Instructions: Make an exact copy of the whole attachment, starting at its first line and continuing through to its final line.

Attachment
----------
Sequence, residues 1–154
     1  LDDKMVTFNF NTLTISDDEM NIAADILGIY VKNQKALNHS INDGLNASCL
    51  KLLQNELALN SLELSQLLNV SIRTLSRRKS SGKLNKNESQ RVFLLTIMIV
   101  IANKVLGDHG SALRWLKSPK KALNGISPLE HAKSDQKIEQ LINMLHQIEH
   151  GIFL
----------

Sequence, residues 1–154
     1  LDDKMVTFNF NTLTISDDEM NIAADILGIY VKNQKALNHS INDGLNASCL
    51  KLLQNELALN SLELSQLLNV SIRTLSRRKS SGKLNKNESQ RVFLLTIMIV
   101  IANKVLGDHG SALRWLKSPK KALNGISPLE HAKSDQKIEQ LINMLHQIEH
   151  GIFL